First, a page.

Catcallers beware: French MPs greenlight fines of up to €750 for street ‘harassment’ of women
Catcallers, wolf-whistlers or those who follow a woman asking for her number 20 times will soon face punishment. French MPs have approved a bill which would allow fines of up to €750 for the ‘harassment’ of women on the street.
“Harassment in the street has previously not been punished. From now on, it will be,” France's Secretary of State for Equality Marlene Schiappa, who has been advocating the legislation, told Europe 1 radio on Thursday. On Wednesday evening the French National Assembly, the lower house of the bicameral French parliament, approved the legislation which was earlier given the backing of the Senate.
“What’s key is ... that the laws of the French republic forbid insulting, intimidating, threatening and following women in public spaces,” Schiappa insisted. The fines for such behavior would range from €90 up to €750.
After the legislation was approved by parliament, Twitter users started wondering if simply telling a woman that she is beautiful or glancing at her would be considered a punishable offence.
The Secretariat of Equality between women and men weighed in to calm fears, however. “The bill is not intended to sanction glances or compliments. The legislation sanctioned remarks with sexist and sexual connotation, intimidation and those who follow and ask a woman’s phone number 20 times,” the ministry stressed.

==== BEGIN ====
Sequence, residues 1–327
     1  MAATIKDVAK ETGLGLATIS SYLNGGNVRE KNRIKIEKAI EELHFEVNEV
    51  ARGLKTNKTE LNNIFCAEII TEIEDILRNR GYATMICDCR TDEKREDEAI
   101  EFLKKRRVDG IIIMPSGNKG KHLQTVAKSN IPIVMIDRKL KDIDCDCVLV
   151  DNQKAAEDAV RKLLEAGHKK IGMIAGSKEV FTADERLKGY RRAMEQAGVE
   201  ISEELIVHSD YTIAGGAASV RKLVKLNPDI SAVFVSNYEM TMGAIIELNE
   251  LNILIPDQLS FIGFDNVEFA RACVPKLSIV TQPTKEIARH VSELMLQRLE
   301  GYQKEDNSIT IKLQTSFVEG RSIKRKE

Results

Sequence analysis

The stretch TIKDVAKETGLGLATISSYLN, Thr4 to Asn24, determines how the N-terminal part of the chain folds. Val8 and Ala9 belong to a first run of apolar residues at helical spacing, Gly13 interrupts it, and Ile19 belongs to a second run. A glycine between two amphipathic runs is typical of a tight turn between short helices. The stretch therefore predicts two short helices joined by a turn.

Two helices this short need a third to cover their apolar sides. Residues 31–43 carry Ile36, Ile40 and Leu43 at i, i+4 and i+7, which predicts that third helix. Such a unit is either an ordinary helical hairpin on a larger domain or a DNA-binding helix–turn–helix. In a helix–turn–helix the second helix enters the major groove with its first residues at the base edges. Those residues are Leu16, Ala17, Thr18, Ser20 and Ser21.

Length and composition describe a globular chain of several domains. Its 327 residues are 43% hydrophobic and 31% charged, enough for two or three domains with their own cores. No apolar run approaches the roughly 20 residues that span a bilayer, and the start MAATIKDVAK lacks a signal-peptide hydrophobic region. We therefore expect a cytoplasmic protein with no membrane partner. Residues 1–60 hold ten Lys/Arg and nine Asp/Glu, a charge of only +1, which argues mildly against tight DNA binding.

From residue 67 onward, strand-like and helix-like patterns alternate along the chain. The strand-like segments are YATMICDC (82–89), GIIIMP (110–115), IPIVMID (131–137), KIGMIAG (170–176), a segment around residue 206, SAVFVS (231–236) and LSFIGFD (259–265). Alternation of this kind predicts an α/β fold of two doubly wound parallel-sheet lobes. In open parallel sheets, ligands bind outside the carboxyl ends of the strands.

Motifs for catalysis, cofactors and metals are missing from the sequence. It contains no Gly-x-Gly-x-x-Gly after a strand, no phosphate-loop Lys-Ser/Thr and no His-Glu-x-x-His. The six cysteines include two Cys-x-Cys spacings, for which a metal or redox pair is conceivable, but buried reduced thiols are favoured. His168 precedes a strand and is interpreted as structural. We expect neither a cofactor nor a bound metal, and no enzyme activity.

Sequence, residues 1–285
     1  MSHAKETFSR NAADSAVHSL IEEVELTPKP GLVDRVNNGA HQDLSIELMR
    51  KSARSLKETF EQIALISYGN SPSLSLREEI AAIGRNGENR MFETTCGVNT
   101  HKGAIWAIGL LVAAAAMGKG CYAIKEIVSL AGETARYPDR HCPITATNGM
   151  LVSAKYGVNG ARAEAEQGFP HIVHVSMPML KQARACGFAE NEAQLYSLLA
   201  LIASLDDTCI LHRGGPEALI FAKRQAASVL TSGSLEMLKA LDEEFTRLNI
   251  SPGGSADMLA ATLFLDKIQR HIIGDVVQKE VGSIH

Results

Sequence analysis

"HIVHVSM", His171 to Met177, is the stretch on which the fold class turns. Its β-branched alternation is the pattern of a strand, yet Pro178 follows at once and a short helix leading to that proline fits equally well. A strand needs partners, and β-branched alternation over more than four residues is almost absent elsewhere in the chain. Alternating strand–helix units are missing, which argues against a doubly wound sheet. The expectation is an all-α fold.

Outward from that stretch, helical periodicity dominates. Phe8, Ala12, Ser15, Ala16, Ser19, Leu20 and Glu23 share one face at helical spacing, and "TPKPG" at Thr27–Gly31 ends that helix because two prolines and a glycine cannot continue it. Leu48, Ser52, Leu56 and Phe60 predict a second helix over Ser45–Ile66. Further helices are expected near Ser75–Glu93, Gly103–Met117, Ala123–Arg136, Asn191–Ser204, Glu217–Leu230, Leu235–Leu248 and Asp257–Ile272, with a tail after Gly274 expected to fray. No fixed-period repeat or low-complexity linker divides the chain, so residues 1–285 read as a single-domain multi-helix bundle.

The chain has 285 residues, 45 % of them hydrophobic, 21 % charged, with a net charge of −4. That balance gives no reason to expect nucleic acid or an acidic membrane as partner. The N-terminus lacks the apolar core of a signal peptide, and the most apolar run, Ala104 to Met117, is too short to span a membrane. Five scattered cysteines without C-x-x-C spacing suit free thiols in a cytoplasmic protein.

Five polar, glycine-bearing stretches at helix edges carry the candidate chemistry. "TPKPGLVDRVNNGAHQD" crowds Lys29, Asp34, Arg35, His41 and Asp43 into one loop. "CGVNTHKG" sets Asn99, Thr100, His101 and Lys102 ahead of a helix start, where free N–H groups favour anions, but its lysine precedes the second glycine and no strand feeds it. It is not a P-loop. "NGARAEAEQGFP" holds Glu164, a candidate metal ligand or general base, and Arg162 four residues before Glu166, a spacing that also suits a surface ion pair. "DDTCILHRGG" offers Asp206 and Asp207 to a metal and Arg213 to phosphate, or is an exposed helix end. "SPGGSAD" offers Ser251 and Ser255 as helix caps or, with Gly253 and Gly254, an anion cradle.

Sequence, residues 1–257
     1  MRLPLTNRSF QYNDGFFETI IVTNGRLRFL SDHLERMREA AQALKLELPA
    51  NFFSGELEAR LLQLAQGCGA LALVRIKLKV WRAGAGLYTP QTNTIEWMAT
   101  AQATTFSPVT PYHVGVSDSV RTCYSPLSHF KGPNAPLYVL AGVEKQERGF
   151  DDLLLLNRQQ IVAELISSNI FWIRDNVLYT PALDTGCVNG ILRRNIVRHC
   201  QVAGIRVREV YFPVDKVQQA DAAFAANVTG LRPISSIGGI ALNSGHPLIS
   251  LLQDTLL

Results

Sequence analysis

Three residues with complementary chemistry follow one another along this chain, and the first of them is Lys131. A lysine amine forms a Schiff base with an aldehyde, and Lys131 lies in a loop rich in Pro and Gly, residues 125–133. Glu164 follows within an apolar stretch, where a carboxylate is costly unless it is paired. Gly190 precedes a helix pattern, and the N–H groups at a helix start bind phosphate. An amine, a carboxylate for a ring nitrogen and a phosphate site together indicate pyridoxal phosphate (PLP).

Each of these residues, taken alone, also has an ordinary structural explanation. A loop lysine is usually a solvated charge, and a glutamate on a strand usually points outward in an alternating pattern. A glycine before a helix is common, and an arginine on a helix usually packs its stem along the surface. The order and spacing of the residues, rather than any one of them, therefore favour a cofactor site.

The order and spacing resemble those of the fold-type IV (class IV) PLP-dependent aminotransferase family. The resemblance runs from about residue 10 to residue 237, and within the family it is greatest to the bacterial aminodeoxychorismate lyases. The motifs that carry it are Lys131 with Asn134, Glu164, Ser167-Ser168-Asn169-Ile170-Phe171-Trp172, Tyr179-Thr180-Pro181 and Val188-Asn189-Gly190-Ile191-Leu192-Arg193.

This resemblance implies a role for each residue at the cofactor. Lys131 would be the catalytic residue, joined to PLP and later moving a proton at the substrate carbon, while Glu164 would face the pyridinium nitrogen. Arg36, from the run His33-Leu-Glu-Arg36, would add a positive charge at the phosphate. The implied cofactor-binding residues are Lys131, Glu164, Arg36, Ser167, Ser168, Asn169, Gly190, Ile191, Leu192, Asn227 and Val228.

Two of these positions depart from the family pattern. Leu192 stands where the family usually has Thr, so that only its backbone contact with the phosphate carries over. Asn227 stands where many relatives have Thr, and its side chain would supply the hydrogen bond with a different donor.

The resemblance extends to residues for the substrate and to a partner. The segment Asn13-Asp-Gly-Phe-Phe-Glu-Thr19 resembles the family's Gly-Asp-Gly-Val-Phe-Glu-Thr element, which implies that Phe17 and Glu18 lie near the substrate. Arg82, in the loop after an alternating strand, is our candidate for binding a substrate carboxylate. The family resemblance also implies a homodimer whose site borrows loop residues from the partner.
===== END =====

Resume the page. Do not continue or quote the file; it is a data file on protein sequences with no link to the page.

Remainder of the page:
Schiappa, a 35-year-old feminist, has been campaigning for the legislation since autumn 2017. She has been working closely with French President Emmanuel Macron, who once said that harassment could be combated by creating a “simpler verbalization procedure” so that “there is an immediate response” when it occurs.
The legislation was passed amid a renewed public outcry in France after a young Paris resident posted a video of her being viciously assaulted by a man whom she told to “shut up” when he wolf-whistled at her. Marie Laguerre released CCTV footage of the moment she was hit in the face by a stranger as she walked home in the French capital. “It is time for this kind of behavior to end,” Laguerre said. “Harassment is every day.”
The High Council for Equality between Women and Men says that 100 percent of women claim they have been harassed on public transport at least once, with 82 percent of those questioned being younger than 17 years old.
Yet opponents of the bill repeatedly voiced their doubts, saying that it may be purely symbolic. “Stalkers don’t wait for a police officer to harass a woman,” Anais Bourdet, founder of the Pay Ta Shnek Facebook group, which lists the testimonies of harassed women, told L’Obs newspaper earlier this year.
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